magine looking up and seeing a whirling world of figures, all engaged in different gestures and postures, poised and near to perfect. This is what you will see in the Sistine Chapel ceiling painting by Michelangelo. It is an attraction like none other in the art world, which we will discuss in this article.
Table of Contents
- 1 Artist Abstract: Who Was Michelangelo?
- 2 The Sistine Chapel Ceiling Painting (1508-1512) by Michelangelo in Context
- 3 Formal Analysis: A Brief Compositional Overview
- 4 The Sistine Chapel Ceiling Painting: A Sight for Sore Eyes
- 5 Frequently Asked Questions
Artist Abstract: Who Was Michelangelo?
Michelangelo di Lodovico Buonarroti Simoni, or Michelangelo as we know him today, was one of the great Italian High Renaissance artists, proficient in painting, sculpture, and architecture. He was born in the Arezzo province in Tuscany, Italy in a town called Caprese, although he grew up in Florence.
From an early age, he loved sculpting and was exposed to this through his nanny’s husband, who was a stonecutter.
He apprenticed under Domenico Ghirlandaio and studied at Lorenzo de’ Medici’s Humanist Academy. He was also named “The Divine One” or, in Italian, Il Divino, because of his great artistic skills. He was also famous for sculpting the great Pietà (c. 1498-1500) and David (1501-1504) statues.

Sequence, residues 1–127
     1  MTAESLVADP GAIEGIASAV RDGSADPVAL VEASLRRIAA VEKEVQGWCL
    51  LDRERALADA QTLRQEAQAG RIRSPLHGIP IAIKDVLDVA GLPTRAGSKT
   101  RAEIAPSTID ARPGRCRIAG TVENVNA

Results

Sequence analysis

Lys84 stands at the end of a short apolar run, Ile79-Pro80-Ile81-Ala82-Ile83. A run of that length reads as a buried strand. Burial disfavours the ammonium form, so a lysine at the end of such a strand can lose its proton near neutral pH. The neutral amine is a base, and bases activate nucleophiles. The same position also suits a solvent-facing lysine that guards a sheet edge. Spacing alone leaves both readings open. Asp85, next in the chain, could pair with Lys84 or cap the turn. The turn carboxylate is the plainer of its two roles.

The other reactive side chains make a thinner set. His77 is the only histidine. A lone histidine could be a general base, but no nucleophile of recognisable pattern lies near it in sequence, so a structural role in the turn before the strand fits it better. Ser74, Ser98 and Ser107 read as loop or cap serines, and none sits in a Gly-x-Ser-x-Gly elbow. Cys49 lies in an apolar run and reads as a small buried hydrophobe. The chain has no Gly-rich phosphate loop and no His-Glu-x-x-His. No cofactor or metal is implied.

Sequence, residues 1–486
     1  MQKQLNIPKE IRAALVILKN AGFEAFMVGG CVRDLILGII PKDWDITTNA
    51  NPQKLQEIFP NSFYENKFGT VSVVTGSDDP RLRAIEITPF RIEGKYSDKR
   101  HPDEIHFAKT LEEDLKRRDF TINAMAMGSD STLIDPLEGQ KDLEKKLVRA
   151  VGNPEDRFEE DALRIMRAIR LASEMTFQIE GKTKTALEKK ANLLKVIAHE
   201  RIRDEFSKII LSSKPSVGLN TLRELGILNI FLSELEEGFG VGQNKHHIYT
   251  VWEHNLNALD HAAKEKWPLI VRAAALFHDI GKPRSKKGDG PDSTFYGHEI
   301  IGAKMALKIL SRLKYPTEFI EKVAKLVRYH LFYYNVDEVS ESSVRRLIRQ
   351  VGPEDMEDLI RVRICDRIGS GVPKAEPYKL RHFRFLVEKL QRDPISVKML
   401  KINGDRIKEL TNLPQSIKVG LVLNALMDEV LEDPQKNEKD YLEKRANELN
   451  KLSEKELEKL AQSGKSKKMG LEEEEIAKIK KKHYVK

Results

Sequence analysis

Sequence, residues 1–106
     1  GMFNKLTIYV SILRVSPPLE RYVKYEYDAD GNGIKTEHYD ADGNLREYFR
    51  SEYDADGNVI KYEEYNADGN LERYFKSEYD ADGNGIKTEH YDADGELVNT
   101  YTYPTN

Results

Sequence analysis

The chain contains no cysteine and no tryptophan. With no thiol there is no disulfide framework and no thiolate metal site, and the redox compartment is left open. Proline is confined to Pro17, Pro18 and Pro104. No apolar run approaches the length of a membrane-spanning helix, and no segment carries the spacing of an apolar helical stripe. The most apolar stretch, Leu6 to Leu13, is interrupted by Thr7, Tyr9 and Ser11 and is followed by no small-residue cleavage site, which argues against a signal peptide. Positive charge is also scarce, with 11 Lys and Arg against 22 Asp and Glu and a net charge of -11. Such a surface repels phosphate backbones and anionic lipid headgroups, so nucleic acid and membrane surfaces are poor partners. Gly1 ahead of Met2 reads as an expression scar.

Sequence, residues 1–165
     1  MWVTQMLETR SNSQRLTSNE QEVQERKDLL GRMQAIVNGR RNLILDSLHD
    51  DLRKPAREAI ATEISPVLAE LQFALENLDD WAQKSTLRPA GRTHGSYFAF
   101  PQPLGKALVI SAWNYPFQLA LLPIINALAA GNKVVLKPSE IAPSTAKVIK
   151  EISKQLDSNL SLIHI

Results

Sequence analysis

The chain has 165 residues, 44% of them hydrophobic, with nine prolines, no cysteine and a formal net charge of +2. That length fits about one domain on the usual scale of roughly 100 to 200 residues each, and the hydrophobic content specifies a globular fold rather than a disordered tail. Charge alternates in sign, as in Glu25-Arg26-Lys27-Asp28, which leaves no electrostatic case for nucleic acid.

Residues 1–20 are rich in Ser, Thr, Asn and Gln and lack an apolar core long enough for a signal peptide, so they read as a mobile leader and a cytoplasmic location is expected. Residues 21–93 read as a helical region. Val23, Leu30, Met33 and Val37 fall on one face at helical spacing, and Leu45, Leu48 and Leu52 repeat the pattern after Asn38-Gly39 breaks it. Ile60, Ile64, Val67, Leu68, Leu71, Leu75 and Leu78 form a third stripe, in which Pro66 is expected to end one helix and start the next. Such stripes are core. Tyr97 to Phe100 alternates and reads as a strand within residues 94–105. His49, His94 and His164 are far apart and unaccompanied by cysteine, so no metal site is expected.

Portrait of Michelangelo (c. 1545) by Daniele da Volterra; Attributed to Daniele da Volterra, Public domain, via Wikimedia Commons
The Sistine Chapel Ceiling Painting (1508-1512) by Michelangelo in Context
The Sistine Chapel ceiling painting by Michelangelo has been an attraction since its completion in 1512; it takes us on a visual journey of narratives from the Old Testament in the Bible. Before we take a closer look at the subject matter and Michelangelo’s artistic style in a formal analysis, we will first provide a brief contextual analysis of the Sistine Chapel, exploring the questions such as when was the Sistine Chapel painted? Who commissioned the Sistine Chapel ceiling? How long did it take to paint the Sistine Chapel? We will cover these as well as some other interesting facts.
|Period / Movement||High Renaissance|
|Dimensions||Dimensions vary for each painting on the Sistine Chapel Ceiling|
|Series / Versions||N/A|
|Where Is It Housed?||Sistine Chapel, Vatican City, Rome, Italy|
|What It Is Worth||Some estimates state that it is worth over $15 billion|